Edited by Jonathan Paquette on March 31th, 2015.
In the course of researching the history of Scottish Unionism in the early Twentieth Century, I’ve discovered a remarkable unanimity of major politicians’ acceptance of Keynesian economic thought.
Macmillan continued such themes in his subsequent 1933 treatise Reconstruction: A Plea for a National Policy. Written during the worst years of the Great Depression, it posited a stadialist transition between older laissez-fair economic systems to newer coordinated policies. With such chapters as The Case for Planning, Economic Freedom in a System of Economic Order and The Threat of Dictatorship: Fascism and Communism, it demonstrated Macmillan’s intellectual gifts and commitment to economic reordering. Macmillan began his narrative by starkly referencing the nation’s high unemployment and social deprivation. Such conditions were alleviated in the Nineteenth century due to emigration and expansion of imperial overseas markets. However, with the rise of serious international competition after 1870, uncoordinated, spontaneous economic activity hampered the nation’s competitive abilities. Macmillan conceptualised a new dichotomy between an orderly, regulated capitalism as opposed to economic anomie. Similarly to Walter Elliot’s favouring of the Empire Marketing Board, Macmillan presciently believed that the Federation of British Industries possessed great potentiality as a deliberative economic relations institution. As the predecessor to the Confederation of British Industry (CBI), the Federation contained hundreds of successful businesses and quickly developed a closeness with Whitehall officials. In his schemata, the F.B.I. would form part of a larger Central Economic Council. Comprised of industry executives, labour leaders and capably advised by leading economists and technical scientists, this Economic Council would direct the nation’s development. When coalesced into a Central Economic Council, such elites could neutralise exploitative efforts by any single member against workers and the public. Private industries therefore regulate their members and preserve economic equilibrium.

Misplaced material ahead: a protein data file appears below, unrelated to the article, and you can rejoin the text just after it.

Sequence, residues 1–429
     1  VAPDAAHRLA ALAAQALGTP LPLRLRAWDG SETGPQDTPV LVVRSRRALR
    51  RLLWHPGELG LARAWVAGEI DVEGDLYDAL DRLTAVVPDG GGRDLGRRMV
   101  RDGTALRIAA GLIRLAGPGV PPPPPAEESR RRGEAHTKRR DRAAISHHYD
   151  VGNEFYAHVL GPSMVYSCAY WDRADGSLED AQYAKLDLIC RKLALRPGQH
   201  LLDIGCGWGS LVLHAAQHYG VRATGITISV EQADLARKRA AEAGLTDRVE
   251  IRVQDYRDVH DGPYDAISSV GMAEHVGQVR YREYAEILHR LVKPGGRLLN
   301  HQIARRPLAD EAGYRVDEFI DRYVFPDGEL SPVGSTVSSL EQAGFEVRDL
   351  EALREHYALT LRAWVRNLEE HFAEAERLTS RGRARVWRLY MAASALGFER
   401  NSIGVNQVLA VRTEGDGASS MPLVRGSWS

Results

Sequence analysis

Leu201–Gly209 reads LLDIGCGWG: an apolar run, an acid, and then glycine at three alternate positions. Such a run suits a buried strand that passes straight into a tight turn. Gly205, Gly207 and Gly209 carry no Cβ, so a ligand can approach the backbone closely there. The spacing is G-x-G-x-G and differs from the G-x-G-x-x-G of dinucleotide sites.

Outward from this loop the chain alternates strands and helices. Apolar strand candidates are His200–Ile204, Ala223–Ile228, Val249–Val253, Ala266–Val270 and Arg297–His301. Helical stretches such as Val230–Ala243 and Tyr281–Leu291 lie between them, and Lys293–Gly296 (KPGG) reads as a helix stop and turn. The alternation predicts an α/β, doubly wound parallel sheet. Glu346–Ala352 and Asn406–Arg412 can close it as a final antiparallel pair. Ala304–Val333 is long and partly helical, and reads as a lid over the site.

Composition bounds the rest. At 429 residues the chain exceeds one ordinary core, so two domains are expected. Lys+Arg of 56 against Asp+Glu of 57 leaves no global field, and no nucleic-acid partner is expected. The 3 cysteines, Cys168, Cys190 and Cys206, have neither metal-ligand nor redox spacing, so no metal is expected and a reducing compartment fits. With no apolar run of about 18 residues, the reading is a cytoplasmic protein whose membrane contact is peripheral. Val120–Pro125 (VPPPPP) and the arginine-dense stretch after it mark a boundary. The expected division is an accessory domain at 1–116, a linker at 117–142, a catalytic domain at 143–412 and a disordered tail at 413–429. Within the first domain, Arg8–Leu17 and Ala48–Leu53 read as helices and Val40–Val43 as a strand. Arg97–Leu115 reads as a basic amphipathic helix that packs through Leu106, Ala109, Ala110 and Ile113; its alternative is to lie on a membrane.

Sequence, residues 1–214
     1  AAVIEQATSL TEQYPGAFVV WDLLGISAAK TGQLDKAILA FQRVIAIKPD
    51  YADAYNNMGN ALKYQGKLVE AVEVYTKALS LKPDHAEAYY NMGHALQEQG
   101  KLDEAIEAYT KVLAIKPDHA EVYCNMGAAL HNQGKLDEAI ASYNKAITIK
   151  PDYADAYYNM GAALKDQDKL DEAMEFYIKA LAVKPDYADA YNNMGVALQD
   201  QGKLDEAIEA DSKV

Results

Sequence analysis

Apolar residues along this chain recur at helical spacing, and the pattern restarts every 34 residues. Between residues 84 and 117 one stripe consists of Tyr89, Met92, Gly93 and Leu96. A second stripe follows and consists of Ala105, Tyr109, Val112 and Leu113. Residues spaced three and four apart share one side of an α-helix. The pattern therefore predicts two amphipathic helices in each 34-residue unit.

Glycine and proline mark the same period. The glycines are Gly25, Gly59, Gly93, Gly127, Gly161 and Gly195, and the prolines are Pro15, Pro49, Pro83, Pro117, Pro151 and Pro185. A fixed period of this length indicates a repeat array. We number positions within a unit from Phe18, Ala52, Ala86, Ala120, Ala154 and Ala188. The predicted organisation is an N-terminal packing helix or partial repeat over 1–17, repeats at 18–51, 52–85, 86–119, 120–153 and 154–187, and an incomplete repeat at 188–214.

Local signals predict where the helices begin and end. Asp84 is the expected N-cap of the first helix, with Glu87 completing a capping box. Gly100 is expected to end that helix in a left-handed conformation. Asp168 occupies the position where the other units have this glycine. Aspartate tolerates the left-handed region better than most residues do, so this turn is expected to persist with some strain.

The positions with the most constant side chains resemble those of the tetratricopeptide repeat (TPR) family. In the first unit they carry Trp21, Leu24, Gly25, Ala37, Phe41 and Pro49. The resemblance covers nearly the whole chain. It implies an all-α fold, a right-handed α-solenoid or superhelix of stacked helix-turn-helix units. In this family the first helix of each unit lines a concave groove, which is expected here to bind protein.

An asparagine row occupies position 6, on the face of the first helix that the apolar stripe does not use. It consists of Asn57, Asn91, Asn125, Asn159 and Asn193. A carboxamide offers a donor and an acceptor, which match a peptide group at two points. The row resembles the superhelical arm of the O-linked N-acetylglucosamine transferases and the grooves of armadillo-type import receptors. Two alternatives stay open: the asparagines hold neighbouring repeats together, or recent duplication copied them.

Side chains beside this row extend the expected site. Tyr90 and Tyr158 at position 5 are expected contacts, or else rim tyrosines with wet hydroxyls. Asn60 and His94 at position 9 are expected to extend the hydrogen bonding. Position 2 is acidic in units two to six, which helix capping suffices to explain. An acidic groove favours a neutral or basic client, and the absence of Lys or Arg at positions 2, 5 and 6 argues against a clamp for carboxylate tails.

In particular Harold Macmillan (1894-1986) considered economic planning of paramount importance for national recovery and reserved the state’s right for thoroughgoing quantitative planning. Enlarged powers for wage and pricing indices combined with capital distribution would alleviate poverty and prevent social revolution. He explicitly warned that class warfare would necessarily follow elite mismanagement of economic conditions. Macmillan also illustrated a distinct dichotomy between responsible stewards of industry versus unscrupulous businessmen whose reckless actions threaten full employment. His definition of ‘economic freedom‘ included those financiers and industrialists who acted in a socially responsible manner towards workers and the larger national polity.
Correspondingly, worker’s representatives negotiate within agreed conciliation protocols in order to set wages for all members. Macmillan also foresaw increasing coordination as a logical development of private enterprise. Positing a stadialist trend, he observed that the Electricity Commission, the Central Electricity Board, the British Broadcasting Corporation, the Coal Mines Reorganisation Commission, the Milk Marketing Board and the London Passenger Board were all organised in the decade prior. Such organisational systems created central planning bodies for vital services. Most particularly, the Coal Mine Reorganisation Commission attempted to rectify perceived abuses by owners. Additionally, the London Passenger Transport Board sought to regulate all private transportation with the city to maximise efficiency. Macmillan confidently that such institutional frameworks would supplant chaotic laissez-faire development. Macmillan believed a delicate balance must exist between an organic Gemeinschaft versus an atomistic individualism dominated by laissez-faire economic practices. Greater coordination of economic affairs would lead to productive individual actions taken by workers and employers. Cooperative production ensured democratic governance and the continuance of British political traditions. Macmillan believed passionately that Conservatism must provide effective counterproposals against Fascist and Marxist public doctrines. By doing so, a via media would be provided for Great Britain out of the Great Depression and towards renewed status as centre of an international Empire.
Edited by Jonathan Paquette on March 31th, 2015.
Proud of his position as an American Historian at the University of St Andrews, Scotland, Jonathan Paquette delights in examining British History, Mythology, Scottish Unionism and Toryist Thought. Apart from writing his dissertation, he teaches courses and has been published in numerous, internationally acclaimed journals. Jonathan Paquette strives to continuously expand his knowledge of his field, making him an expert at conferences, in the classroom, as well as in written format. For any questions related to the content of his blogspot, please do not hesitate to get in touch with us here.
Jonathan Paquette currently studies Modern British political and intellectual history at the University of St Andrews, Scotland.